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[CESCM]

French organization founded in Poitiers in 1953. The Centre d’études supérieures de civilisation médiévale (CECSM) is affiliated with the Université de Poitiers, the Centre national de la recherche scientifique (CNRS), and the Ministère de la Culture et de la Communication. The founders, among them historian Edmond-René Labande and art historian René Crozet, began CESCM as a month-long interdisciplinary study of medieval civilization, inviting foreign students to participate. CESCM has since developed into a permanent organization but maintains the international and interdisciplinary focus of its founders.

CESCM continues to hold its formative summer session, known as ‘Les Semaines d’études médiévales’, and invites advanced graduate students of all nationalities. The summer session spans two weeks and includes sessions on a variety of topics, each conducted by a member or affiliate of CESCM. CESCM supports collaborative research groups and regularly holds colloquia attended by the international scholarly community.

Since 1958 CECSM has published ...

Article

Robin Adèle Greeley

(b Mexico City, 1968).

Mexican sculptor, installation artist, and multimedia artist. A figure in the generation of Mexican artists that came to prominence in the 1990s, Cruzvillegas studied pedagogy at the Universidad Nacional Autónoma de México (1986–1990). Informally, he also studied caricature with Rafael “El Fisgón” Barajas (1985) and with Gabriel Orozco in the Taller de los viernes (“Friday workshop,” 1987–1991). In 2007 Cruzvillegas began developing the aesthetic platform of autoconstrucción (“self-building”). Rooted in the ad hoc building tactics prevalent in squatter settlements on the outskirts of megacities, his autoconstrucción works inventively repurpose found detritus to produce a materialist critique of object experience in the 21st-century’s global consumer economy.

Cruzvillegas’s early artistic ventures were informed by, among other factors, his participation in the Taller de los Viernes; his engagement with the underground music, political caricature, and comic book scenes; and his encounters with artists and curators committed to opening Mexico’s then relatively insular art world to international ideas. At the informal Taller de los viernes run by Orozco, Cruzvillegas explored artists and ideas not readily available in Mexico at the time, assimilating everything from Robert Filliou’s ...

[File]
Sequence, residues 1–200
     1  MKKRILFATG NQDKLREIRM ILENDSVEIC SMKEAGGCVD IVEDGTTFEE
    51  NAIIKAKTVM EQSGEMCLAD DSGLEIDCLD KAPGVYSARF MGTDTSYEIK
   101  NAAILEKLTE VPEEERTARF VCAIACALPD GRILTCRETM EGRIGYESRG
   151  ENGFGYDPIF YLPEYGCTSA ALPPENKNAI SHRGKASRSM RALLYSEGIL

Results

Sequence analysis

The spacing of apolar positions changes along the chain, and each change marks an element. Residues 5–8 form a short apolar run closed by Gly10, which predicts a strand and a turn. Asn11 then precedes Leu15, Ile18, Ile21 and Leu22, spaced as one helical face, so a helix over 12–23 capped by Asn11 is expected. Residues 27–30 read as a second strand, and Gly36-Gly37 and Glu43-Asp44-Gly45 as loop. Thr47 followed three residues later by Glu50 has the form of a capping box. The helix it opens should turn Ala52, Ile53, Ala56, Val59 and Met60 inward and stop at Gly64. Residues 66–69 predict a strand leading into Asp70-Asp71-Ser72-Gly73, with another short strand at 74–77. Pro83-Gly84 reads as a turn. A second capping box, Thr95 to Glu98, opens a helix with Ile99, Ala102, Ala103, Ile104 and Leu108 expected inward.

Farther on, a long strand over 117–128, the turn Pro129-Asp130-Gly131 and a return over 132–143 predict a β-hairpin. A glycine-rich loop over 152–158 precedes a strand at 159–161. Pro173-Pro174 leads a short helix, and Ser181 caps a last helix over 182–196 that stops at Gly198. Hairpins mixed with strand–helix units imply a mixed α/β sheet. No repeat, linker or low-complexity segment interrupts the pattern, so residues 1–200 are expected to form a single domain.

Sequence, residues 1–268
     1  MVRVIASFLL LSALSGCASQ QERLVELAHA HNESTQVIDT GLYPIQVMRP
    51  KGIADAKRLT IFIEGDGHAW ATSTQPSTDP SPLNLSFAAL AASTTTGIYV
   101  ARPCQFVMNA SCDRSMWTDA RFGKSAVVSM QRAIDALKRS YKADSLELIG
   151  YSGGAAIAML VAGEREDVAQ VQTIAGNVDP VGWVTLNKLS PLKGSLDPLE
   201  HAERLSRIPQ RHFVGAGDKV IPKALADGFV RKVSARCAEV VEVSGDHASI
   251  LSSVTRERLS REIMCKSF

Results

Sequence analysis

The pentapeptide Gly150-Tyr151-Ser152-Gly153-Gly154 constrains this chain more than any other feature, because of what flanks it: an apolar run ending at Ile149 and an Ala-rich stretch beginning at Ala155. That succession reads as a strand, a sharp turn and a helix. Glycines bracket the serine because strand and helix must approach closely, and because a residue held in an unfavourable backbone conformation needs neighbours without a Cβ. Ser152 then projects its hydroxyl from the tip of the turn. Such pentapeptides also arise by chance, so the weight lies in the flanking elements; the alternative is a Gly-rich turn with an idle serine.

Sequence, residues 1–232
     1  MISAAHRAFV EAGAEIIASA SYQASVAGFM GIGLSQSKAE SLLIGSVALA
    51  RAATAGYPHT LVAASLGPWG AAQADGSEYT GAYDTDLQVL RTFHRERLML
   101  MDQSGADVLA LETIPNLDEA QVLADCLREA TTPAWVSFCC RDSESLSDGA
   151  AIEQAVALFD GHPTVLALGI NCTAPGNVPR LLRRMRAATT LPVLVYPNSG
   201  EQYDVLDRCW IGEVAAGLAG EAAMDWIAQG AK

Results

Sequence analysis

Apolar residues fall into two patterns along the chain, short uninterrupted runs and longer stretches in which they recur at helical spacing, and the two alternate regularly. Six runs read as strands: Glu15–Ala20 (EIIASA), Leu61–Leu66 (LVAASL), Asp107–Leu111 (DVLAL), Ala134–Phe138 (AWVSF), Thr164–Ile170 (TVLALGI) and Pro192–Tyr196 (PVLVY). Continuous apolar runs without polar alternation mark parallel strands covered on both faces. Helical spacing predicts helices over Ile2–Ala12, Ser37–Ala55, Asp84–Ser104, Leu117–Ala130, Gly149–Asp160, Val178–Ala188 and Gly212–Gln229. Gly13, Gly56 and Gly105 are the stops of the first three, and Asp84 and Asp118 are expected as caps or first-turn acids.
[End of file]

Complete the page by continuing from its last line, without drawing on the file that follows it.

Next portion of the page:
Article

Katherine Chacón

(b Caracas, Aug 20, 1939; d Caracas, Apr 17, 2016).

Venezuelan photographer and architect. Dorronsoro worked successfully in the fields of photography and architecture from 1963. That year, after his graduation as an architect at the Universidad Central de Venezuela (UCV), he began to cultivate a passion for photography that developed a strong focus on portraits of the social landscape. His work portrays reality from a critical perspective that reveals the hidden edges of contemporary culture. Sometimes with a touch of irony or acid humor, his photographs provide data to understand the sociocultural context of the subjects and places that he represented and reveal the deep inequalities of the urban environment. Dorronsoro’s first solo exhibition, Gorka Dorronsoro: 21 fotografías de la serie Paraguaná–Venezuela, was held in 1974 at the Museo de Bellas Artes (MBA) in Caracas. The photographs included in this exhibit portrayed the social and economic realities of Paraguaná, a village immersed in poverty, where one of the most important oil refineries in the country is located. In ...

Article